By being oposite or very different from another person, it brings out and makes more apparent character traits that are in the other.
Assigns human traits to an object or animal that isn't human. Gives a lifeless thing life, human movements, or human behavior to an animal.
Gives an idea or abstract concept human traits
Difference between appearance and reality, or between what is expected and what happens.
Brief quotation at the beginning of a book or chapter to suggest it's theme.
Comparing two unrelated things using like or as.
Brief reference to a literary or historical person or event, with which the reader is assumed to be familiar.
A literary device an author uses to inform the reader of events that have happened in the past.
The feeling or emotion that an author evokes through the use of sensory words or phrases.
A way of increasing dramatic tension, when the complication or danger reasserts itself after the author has led you to believe it is resolved.
The arrangement of two or more ideas, characters, actions, or settings side by side or in a smililar narrative, for the purpose of comparison, contrast, rhetorical affect, suspense, or character development.
A speech or dramatic monologue, usually with out an audience, and alone on stage. Provides background information or reveals a characters innermost feelings.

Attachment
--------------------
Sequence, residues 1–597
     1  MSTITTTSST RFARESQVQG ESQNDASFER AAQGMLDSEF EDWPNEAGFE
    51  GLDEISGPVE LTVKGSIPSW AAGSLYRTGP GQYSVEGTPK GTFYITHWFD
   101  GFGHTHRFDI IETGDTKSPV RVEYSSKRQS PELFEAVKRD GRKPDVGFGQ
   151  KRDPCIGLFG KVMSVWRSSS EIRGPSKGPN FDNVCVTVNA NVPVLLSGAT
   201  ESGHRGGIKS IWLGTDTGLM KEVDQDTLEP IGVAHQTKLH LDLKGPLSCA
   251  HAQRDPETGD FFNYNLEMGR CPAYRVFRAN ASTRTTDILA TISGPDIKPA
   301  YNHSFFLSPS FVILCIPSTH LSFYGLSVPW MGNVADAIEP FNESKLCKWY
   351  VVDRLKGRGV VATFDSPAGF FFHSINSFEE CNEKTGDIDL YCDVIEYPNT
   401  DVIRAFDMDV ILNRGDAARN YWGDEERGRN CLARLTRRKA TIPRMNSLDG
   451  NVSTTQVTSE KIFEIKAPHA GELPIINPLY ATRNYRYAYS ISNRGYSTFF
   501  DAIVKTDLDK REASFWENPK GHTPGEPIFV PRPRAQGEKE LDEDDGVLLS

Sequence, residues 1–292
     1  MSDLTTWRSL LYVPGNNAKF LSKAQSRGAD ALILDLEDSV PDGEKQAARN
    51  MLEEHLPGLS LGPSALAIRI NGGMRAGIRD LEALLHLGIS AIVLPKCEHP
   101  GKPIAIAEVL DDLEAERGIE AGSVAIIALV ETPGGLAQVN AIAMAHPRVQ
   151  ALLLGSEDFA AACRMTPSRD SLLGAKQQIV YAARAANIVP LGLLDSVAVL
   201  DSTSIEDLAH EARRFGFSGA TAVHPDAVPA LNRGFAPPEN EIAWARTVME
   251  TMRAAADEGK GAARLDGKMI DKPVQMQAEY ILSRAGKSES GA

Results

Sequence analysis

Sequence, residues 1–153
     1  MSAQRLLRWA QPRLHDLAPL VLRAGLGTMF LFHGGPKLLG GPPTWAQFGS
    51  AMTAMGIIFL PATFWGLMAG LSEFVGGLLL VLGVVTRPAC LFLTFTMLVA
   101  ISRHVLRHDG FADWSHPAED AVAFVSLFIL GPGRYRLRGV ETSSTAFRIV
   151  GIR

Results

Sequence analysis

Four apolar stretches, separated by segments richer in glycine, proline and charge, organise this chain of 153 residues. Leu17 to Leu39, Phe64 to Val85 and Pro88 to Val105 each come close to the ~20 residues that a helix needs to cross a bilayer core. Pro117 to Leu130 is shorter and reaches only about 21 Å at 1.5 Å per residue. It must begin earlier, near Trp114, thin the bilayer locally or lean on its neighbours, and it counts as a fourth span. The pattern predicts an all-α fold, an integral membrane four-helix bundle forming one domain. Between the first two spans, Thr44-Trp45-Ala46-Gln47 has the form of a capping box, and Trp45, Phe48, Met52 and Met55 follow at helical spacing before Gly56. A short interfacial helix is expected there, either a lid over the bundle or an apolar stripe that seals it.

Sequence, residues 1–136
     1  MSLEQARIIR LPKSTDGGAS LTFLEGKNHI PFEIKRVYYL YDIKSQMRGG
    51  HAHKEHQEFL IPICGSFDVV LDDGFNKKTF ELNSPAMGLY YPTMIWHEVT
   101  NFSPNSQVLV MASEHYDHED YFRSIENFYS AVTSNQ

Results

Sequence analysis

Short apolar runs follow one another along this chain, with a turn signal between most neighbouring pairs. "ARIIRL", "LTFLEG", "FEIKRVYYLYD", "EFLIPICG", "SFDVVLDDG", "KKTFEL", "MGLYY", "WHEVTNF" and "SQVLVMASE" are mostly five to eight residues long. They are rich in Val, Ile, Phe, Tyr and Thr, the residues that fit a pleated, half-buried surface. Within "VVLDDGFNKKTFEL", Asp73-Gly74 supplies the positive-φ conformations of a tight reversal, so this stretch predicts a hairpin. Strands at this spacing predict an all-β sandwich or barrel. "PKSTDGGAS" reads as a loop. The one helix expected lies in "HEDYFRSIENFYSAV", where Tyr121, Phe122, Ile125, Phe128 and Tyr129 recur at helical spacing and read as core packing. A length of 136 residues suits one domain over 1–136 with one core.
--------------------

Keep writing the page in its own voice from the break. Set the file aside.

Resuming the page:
When a reader sees a characters mistakes that the character is unable to see them self.
A story element or plot development that seems unrealistic, but is necessary for the story to continue.
Tells the setting and introduces the characters, and some background information at times.
A single incident, with out which there would be no story.
Describes the writers attempt to create tension and suspense leading up to the high point of the story.
Moment of greatest tension.
Events that take place as a result of the climax.
Remaining questions are answered, and the final answer to the climax is revealed.
Comparison between two unrelated objects in which the one is described in terms of the other.
Main character, or hero.
Bad guy or guys, or thing, or things.
Man vs self, nature, society, man, internal, and external.
Point of View
Perspective from which a story is told.
A central concept or idea that is explored in a work and gives a work unity.
The attitude an author takes toward his subject.
A story told within the framework of another story
Judging a person from what they say or do, and what others say about them.
A character receives what he or she deserves in a manner befitting the characters previous behavior.
A character that changes over the course of the story.
A character that remains the same over the course of the story.
Show how something is similar and alike.
Show how something is different.
The willing suspension of disbelief
That something generally impossible or implausible is made to seem possible.